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Method and Theory in Religious Studies III

B003
Session Chair: N.N. | Monday, August 24, 3:30-5:30 p.m. | Venue

Miroslav Vrzal

Differentiation of scientific and religious identity as a part of academic socialization into the Study of religions and its consequences for a personal life. A case study of students of the Study of religions

Socialization of students in the subworld of academic study of religions lies in the acceptation of specific roles which are internalized via common academic practices. During their studies, students learn how to act and think as social scholars. The necessity of separation of scientific work from one’s own religious belief is related to this process (at least in the secular university education system). In my contribution I am going to show that the mentioned differentiation leads to the split of religious and scientific identities on the micro level of human minds and behaviour. The split of these two identities is subsequently projected not only into academic practice but also into a personal life, which is affected by this socialization. The contribution focuses on students of the Study of religions as a sample in which this process can be observed in the beginning when this split is formed and is still not stable and settled.

Monica Miller, Christopher Driscoll

Identity as Method, or Method as Identity?: The Contemporary Battle over Method in the North American Academic Study of Religion

What Jean-Francois Bayart has referred to as the “battle for identity”—that we acknowledge identities as culturally constructed but that they remain as politically potent as ever—has become a defining trend in the NA study of religion. One of these “identities” belongs to scholars of religion that maintain some form of confessionality and allow their methods to be shaped by assumptions held and claims made by the adherents they study. Another “identity” belongs to those labeled “critical” scholars who deconstruct and abhor reliance on self-evident claims. This “critical scholar” attempts to apply a single methodology applicable across all domains of inquiry. This paper outlines features of this “battle” waged between academic “identities” as a new iteration of a long-standing struggle between historicizing and transhistoricizing, understanding both as “operational acts of identification,” and characterizes this “battle” as a question of our method as an identity, or our identities as methods.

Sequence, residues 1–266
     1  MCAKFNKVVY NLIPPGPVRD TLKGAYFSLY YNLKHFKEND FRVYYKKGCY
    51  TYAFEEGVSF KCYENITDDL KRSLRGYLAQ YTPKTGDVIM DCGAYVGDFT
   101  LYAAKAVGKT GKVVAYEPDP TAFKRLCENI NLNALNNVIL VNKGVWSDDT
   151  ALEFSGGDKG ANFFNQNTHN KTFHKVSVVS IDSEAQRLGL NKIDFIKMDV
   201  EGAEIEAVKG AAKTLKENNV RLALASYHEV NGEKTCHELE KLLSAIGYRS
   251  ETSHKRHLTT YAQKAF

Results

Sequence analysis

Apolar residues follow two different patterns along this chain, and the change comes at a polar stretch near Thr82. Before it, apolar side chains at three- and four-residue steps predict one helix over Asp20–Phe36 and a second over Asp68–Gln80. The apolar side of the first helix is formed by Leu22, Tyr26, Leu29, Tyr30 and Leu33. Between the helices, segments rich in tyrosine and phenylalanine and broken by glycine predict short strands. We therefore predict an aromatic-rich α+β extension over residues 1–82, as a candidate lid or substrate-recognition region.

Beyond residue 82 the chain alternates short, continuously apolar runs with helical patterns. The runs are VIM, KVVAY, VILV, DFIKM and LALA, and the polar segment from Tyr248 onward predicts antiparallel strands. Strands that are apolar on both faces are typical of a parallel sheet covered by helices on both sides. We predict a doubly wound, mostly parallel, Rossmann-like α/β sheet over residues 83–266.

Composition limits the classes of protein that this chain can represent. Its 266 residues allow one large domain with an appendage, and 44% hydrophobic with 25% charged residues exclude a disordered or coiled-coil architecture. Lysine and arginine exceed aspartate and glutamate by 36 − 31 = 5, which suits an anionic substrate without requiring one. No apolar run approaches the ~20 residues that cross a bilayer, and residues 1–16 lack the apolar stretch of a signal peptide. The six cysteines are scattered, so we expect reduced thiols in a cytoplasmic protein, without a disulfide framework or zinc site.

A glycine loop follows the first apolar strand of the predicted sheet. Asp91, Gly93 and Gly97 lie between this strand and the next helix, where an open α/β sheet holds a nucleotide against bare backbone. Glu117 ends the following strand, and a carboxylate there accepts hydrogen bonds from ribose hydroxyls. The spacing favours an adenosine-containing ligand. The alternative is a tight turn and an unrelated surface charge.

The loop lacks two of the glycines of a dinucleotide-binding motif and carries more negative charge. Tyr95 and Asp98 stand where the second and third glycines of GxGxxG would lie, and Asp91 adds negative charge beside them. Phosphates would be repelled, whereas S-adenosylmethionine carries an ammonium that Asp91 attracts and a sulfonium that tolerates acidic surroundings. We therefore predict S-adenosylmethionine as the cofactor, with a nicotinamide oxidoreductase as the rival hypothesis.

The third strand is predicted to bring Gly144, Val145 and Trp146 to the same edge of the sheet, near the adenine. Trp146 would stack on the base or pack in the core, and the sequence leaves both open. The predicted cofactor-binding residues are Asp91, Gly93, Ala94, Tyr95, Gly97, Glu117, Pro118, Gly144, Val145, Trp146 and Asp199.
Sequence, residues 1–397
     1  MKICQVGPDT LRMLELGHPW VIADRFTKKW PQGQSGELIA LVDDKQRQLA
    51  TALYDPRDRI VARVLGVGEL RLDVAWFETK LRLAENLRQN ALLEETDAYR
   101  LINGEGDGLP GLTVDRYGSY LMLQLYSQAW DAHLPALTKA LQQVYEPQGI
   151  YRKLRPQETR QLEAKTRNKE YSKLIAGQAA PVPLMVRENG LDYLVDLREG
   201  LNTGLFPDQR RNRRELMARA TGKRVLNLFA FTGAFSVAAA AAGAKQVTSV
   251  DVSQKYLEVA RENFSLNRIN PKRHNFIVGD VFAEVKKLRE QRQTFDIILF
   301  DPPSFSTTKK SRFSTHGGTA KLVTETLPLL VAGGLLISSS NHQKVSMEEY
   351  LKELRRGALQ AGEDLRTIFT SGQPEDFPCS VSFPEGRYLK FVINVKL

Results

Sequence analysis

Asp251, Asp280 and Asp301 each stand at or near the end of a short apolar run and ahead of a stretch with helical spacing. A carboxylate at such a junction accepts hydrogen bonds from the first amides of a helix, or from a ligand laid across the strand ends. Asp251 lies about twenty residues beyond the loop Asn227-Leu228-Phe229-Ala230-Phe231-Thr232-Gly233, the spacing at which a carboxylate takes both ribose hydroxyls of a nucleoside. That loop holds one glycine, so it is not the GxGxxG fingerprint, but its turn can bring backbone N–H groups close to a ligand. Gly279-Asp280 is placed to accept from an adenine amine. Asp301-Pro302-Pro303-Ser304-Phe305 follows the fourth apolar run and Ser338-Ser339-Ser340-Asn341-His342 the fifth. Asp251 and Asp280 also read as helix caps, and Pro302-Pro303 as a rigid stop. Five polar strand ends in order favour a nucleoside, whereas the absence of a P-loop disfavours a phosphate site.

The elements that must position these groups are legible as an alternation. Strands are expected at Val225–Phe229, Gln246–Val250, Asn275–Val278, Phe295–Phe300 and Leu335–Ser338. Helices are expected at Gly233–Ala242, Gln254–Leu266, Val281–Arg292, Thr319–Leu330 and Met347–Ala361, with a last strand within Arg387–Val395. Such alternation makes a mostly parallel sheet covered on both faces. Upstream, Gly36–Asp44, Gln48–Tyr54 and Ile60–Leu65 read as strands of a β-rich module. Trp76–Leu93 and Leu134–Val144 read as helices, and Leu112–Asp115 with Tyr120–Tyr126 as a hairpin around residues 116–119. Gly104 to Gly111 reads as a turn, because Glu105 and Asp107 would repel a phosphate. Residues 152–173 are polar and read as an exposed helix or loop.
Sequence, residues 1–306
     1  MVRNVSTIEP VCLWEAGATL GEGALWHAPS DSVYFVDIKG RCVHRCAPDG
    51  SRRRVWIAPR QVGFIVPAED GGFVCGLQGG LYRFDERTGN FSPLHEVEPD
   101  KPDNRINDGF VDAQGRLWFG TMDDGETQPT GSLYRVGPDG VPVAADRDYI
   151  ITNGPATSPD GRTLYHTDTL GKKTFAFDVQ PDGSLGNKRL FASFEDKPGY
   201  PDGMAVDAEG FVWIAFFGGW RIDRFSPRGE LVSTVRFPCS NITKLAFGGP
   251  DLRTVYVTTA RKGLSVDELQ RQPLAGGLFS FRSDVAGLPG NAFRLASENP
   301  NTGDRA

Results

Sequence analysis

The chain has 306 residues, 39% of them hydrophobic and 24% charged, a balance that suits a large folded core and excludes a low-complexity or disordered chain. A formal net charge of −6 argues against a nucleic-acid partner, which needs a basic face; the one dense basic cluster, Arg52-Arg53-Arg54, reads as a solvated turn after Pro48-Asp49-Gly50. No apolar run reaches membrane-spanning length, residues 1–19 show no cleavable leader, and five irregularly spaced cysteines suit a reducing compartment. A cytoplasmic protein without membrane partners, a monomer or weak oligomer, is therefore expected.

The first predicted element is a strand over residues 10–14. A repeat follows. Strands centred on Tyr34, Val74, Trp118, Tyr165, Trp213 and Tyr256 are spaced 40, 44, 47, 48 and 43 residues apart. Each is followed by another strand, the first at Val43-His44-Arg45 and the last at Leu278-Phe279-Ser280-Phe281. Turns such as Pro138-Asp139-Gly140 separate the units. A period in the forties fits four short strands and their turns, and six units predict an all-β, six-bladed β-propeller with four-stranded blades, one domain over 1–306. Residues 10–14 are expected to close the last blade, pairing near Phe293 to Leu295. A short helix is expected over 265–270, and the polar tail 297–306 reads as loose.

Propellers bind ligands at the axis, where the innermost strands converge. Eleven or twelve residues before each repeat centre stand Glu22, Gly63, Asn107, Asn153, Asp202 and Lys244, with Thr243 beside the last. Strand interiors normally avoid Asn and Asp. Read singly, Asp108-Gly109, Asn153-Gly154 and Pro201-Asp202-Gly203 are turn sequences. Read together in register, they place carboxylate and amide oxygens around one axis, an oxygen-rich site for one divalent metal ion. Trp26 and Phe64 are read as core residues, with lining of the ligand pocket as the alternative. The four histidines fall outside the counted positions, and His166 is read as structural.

Neil George

Capitalizing Science and Religion: The Rhetoric of the Status Quo and the Creation of a Late-Nineteenth-Century Trope

Despite the taken-for-granted legitimacy conferred upon inquires into the relationship between science and religion, such questions lack inherent meaning. Suggesting that talk about science and religion is historically recent and culturally specific, I investigate why such language ever became popular and trace some of the shifts in sociocultural capital interconnected with the popularization of this novel discourse. Although frequently conceptualized as a boiling over of tensions between science and religion dating back at least as far as Galileo, such histories are both revisionist and prescriptive. The increased usage of the language of science and religion in the late nineteenth century, its period of popularization, was a uniquely Victorian contribution to discourse, born out of contemporary sociopolitical concerns. In doing so, a rhetoric of the status quo was constructed that allowed any behaviors not deemed agreeable within the context of a modern capitalist nation state to be censured.

Donald Wiebe

An Old Methodenstreit Made New: Advancing a "Science-Lite" Study of Religion

The "conflict of method" I have in mind is that between the ancient Greek cosmologists who sought knowledge for the sake of knowledge alone in a critically rational and empirical way and the Socratic-Platonic objective of achieving knowledge of the "Good" by way of "right reason." The conflict was renewed in the nineteenth-century Romantic reaction against religion's subjection to critical rational reflection and empirical study. The twentieth-century conflict between Popper's "critical rationalism" and its rejection by the Frankfurt School and contemporary "critical theorists" in favor of "practical reason" in pursuit of the "Good" expands the conflict in "religious studies" in the context of the modern research university. Substituting the pursuit of the "Good" for the scientific quest for knowledge about religion, I will argue here, creates, at best, a "science-lite" study of religion if not, indeed, a pseudo-science of religion.

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